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Thanks for the great replies. Can't wait for our visit to Uzes and do plan to try Les Trois Salons, and will post a report - sometime at the end of October. Re Gambero Rosso site, they never do seem to have anything in English so you must register on the Italian site, then go into "Girone dei Golosi" from where you can explore around. There is a lot of good information if you can manage in Italian. Looking up hotels and restaurants is fairly easy. I subscribe to their English-language magazine (GAMBERO ROSSO WINE TRAVEL FOOD, To order the quarterly American magazine, copies or subscription USA and other countries, SPEEDIMPEX USA, tel. 1-800-969-1258, fax. 718-361-0815, e-mail: mmorreale@speedimpex.com.), which is interesting and useful if you're a fan of Italian wine, food and travel.

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  • 1 month later...

We have just returned from France and our dinner at Les Trois Salons was a highlight of the trip. Unfortunately we were not in Uzes on Saturday to enjoy the market. At dinner, Les Trois Salons offers a 39 Euro set menu with no choices. The following is my recollection of the food - might have missed an engredient here or there. We started with a first course of 3 seared scallops on a bed of tiny bits of cauliflower, pomegranate seeds, parsley and browned butter. This was followed by a "cake" of risotto cooked with butternut squash and parmesan, topped with thin slices of roasted squash, roasted chestnuts and tarragon. The main course was a small filet of veal, braised with endive & dill, with a sauce of veal stock and a strip of almond paste. Next came a shallow bowl with aligot cheese melted into a smooth liquid mixed with some potato puree and topped with bits of sauteed shallot and watercress. The dessert was a trio of delicious sweets - slices of banana roasted in a caramel/coffee syrup, an egg shell filled with chocolate flan topped with a bit of cream and sitting on a bed of crushed, sugared walnuts, and a small glass of melted apple sorbet with a crispy sweet wafer. Everything we ate was delicious and inventive without being outlandish at all. The service was professional and friendly. The wine list includes several wines in the 20 Euro range and goes up from there. They have a lunch menu for less; I think maybe 17 Euro, but could be wrong on that. If you're in the area, I highly recommend a meal here!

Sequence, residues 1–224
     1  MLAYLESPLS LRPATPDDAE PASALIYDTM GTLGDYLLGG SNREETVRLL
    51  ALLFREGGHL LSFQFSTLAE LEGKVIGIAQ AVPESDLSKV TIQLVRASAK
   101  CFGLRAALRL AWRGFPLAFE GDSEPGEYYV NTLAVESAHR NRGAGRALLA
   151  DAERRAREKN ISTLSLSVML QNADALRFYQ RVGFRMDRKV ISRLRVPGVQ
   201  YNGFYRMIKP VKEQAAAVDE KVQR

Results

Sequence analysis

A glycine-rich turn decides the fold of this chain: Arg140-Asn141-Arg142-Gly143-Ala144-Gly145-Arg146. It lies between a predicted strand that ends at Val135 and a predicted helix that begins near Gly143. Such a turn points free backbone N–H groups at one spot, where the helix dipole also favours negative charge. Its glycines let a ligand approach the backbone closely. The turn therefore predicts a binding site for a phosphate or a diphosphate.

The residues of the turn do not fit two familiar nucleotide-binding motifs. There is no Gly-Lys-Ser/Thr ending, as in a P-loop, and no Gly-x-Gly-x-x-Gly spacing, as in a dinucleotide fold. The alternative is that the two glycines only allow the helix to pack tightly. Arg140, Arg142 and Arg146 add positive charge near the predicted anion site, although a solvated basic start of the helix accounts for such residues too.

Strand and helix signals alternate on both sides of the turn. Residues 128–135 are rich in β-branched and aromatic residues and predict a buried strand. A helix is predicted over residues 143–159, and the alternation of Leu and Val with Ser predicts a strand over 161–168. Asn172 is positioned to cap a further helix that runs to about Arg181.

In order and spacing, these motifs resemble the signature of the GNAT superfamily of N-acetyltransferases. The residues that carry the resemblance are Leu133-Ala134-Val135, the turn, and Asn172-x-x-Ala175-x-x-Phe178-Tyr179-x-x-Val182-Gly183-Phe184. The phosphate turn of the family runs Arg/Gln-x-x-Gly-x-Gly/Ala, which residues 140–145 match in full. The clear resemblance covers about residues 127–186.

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Not sure how I missed this thread back in September. Following a recommendation from the Pugh's of Le Mimosa (St Guiraud, north west of Montpellier) we had lunch there in early June. I understand the front of the house is run by a New Zealander. Agree with your comments about the dishes being inventive but not outlandish and they also show respect for the ingredients. These are my notes on the 17€ two course plus coffee set menu with a la carte desserts.

The starter was a citron marinated salmon and cod with a light mixed salad - delicate and balanced and much better than it sounds. The main dish was a whole char grilled sea bream on a spring cabbage and pinenut base with a stripe of red pepper purée. This was superb in ingredient quality and execution. We also opted for a couple of desserts from the carte - a chocolate flan with a separate pineapple creation and a lemon soufflé with a milk ice cream. These pairs are served separately and our only observation being they were more two separate desserts than an integrated dish.

We sat in the sunlit fountain adourned but tree shaded courtyard at the back - seriously relaxing. One interesting aspect was the wine list that, I recall, offered most of the wines in various sub-bottle portions e.g. 1/2 bottle, 50 cl. That said the wine prices were a tad steep - the 19€ well chosen house wine was over 500% marked up.

Graham

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We have just returned from France and our dinner at Les Trois Salons was a highlight of the trip. 

....

MMerrill,

thanks for the interesting report.

I'm sorry I missed the original thread in September since I was away at the time, otherwise I'd have added a bit more info to what I wrote for the Gambero Rosso Digest.

Il Forno: eating, drinking, baking... mostly side effect free. Italian food from an Italian kitchen.